Baroness Cox questions Government about Religious Freedom in Burma

October 24th, 2017

Baroness Cox questions Government about Religious Freedom in Burma

Baroness Cox recently submitted 4 questions for written answer to the Government, asking what assessments they have made regarding religious freedom in Burma. 

Read below the questions and the written answers received.

Baroness Cox 

To ask Her Majesty’s Government what assessment they have made of the military’s role in the persecution of religious minorities throughout Myanmar, including in the Shan and Kachin States.

Lord Ahmad of Wimbledon Minister of State

The British Government remains deeply concerned by the persecution of the Muslim Rohingya population. There have been reports of rapes, killings, burning of villages, and the use of landmines; 536,000 refugees have fled over the border into Bangladesh since 25 August. The Burmese military is responsible for the brutality inflicted on the Rohingha and the ensuing humanitarian catastrophe.

We also remain deeply concerned over continued human rights abuses in Burma’s ethnic border areas, especially in Shan and Kachin where hostilities are still taking place. We have repeatedly called on the military to end hostilities comprehensively, and have called on all sides to enter into dialogue towards a sustainable and comprehensive nationwide ceasefire and political reconciliation process.

Hansard source (Citation: HL Deb, 23 October 2017, cW)


Baroness Cox

To ask Her Majesty’s Government what assessment they have made of freedom of religion and belief throughout Myanmar.

Lord Ahmad of Wimbledon Minister of State

We are deeply concerned by the violence and hate speech against Muslims and Christians in Burma. It is clear that the Rohingya face persecution and that Christians in Chin, Kachin and Kayin States face intimidation. Fears have been whipped up by nationalist Buddhists against the Rohingya, fuelling attacks against Muslims in Rakhine which have seen a sharp escalation since the attack by the Arakan Rohingya Salvation Army (ARSA) on police posts on 25 August. Following its election in 2015, the civilian government have attempted to build interfaith and inter communal relations through a message of ‘strength through diversity’. These words need to be demonstrated by their actions.

Hansard source(Citation: HL Deb, 23 October 2017, cW)


Baroness Cox

To ask Her Majesty’s Government what assessment they have made of the pressure placed on children to convert to Buddhism in the military run NaTaLa schools in Myanmar.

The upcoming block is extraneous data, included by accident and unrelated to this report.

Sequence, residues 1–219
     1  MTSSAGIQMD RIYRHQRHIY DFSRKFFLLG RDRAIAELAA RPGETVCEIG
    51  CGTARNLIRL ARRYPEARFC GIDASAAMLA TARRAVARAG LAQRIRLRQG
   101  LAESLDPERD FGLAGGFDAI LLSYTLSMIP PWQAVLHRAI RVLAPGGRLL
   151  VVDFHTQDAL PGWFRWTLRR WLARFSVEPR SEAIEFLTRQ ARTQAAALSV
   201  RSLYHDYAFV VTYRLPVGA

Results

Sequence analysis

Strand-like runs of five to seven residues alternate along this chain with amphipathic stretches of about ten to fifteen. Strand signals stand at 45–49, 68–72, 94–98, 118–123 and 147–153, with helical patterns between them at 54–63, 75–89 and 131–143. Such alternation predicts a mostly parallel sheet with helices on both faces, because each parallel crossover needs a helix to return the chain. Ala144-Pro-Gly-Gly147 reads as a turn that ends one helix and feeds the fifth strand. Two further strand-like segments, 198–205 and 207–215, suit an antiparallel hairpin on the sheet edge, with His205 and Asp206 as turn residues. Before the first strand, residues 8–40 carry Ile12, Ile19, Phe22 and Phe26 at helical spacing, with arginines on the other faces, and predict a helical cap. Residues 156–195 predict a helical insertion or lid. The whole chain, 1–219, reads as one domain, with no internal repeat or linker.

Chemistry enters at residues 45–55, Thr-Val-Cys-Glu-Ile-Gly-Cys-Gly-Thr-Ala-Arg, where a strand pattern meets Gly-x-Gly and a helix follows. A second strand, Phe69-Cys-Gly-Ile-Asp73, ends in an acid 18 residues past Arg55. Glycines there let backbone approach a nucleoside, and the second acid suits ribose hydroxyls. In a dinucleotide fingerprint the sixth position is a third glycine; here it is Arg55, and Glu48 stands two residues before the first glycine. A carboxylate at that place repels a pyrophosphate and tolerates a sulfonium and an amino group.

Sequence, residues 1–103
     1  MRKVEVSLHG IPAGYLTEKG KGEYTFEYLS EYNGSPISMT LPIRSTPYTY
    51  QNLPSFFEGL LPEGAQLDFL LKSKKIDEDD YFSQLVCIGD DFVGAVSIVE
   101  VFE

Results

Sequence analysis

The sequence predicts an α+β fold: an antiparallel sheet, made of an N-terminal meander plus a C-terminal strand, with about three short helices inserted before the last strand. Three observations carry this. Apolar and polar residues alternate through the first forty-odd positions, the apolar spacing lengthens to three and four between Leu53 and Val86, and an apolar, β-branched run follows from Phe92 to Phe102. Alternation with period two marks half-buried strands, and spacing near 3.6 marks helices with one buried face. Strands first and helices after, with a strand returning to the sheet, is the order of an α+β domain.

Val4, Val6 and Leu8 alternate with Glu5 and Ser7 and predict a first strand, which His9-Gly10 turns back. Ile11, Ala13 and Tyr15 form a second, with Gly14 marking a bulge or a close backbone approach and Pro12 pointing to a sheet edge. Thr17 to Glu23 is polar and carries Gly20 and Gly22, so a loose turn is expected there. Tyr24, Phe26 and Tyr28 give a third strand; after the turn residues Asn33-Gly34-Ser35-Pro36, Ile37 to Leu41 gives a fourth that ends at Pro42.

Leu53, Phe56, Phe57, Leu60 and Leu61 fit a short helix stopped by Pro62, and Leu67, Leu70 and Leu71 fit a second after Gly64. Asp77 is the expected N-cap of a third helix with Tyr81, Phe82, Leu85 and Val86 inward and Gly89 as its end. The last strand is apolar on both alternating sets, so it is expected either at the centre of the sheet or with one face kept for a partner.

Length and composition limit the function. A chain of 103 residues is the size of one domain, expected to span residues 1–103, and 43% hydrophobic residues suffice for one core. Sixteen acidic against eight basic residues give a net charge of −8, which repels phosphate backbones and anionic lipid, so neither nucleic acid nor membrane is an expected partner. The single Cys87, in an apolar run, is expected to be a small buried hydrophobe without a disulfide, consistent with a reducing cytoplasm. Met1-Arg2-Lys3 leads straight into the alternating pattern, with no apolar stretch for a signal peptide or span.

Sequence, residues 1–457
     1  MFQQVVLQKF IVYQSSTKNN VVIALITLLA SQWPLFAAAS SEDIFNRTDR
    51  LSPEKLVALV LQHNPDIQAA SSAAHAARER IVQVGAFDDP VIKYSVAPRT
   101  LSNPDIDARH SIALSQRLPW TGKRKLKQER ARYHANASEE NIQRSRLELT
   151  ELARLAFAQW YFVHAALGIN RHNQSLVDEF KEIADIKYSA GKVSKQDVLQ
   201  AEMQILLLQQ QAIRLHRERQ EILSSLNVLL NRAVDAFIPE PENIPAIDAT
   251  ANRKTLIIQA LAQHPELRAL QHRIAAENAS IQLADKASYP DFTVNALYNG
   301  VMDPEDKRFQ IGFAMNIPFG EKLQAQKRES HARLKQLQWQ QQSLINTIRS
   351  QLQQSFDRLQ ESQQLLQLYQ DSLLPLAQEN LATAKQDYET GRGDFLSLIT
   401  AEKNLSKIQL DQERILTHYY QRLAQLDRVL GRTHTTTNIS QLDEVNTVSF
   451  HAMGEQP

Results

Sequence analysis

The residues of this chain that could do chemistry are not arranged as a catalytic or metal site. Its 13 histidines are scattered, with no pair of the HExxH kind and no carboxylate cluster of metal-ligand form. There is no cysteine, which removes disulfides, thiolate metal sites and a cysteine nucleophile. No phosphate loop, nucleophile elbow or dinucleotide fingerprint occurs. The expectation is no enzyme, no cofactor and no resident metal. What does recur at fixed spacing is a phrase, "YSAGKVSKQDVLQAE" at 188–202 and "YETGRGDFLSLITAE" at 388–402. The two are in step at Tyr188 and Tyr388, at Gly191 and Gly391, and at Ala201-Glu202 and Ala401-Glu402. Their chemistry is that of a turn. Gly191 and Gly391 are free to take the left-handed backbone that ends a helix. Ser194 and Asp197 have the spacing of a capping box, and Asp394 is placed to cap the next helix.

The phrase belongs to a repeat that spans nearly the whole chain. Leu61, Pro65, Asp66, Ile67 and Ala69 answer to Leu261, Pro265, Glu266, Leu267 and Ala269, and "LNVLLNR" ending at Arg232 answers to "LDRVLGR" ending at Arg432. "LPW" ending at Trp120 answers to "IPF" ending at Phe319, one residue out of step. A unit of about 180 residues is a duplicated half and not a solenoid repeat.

Lord Ahmad of Wimbledon Minister of State

We are aware of the Burmese Government’s efforts to construct new living spaces for communities in conflict affected areas, known as Na Ta La, which roughly translates to “Border Areas National Races Youth Development Training Schools” and of some reports that these are being used to pressure children to convert to Buddhism. These reports are deeply concerning. The UK Government is clear that the persecution of individuals of any faith remains of profound concern. The freedom to practise, change or share faith or belief without discrimination or violent opposition is a fundamental human right. Societies that aim to protect and promote freedom of religion or belief are more stable, prosperous and more resilient against violent extremism.

Hansard source(Citation: HL Deb, 23 October 2017, cW)


Baroness Cox 

To ask Her Majesty’s Government what assessment they have made of the arrests in Myanmar of two Kachin Baptist priests who face up to eight years imprisonment for assisting journalists, following a military airstrike on St Francis Xavier Catholic Church in Mong Ko in July.

Lord Ahmad of Wimbledon Minister of State

The UK Government is deeply concerned for the welfare of the Kachin pastor and youth worker Dumdaw Nawng Lat and Langjaw Gam Seng since they were arrested on Christmas Eve 2016. They remain in detention in Shan. The Foreign Secretary raised their case with the military appointed Minister of Home Affairs when he visited Burma in January.

We urge the military to produce evidence that Dumdaw Nawng Lat and Langjaw Gam Seng have any connections to any ethnic armed group and that this be presented and evaluated in a court of law. Should the evidence be non-existent or insufficient, we call for the immediate release of both men. Should the evidence exist, we urge the authorities to accord the two men due process and fair trial standards.

Hansard source(Citation: HL Deb, 23 October 2017, cW)


Have you got a question for the Government? Suggest a question for written answer

View HART’s recent blog regarding funding cuts along the Thai-Burmese Border here.



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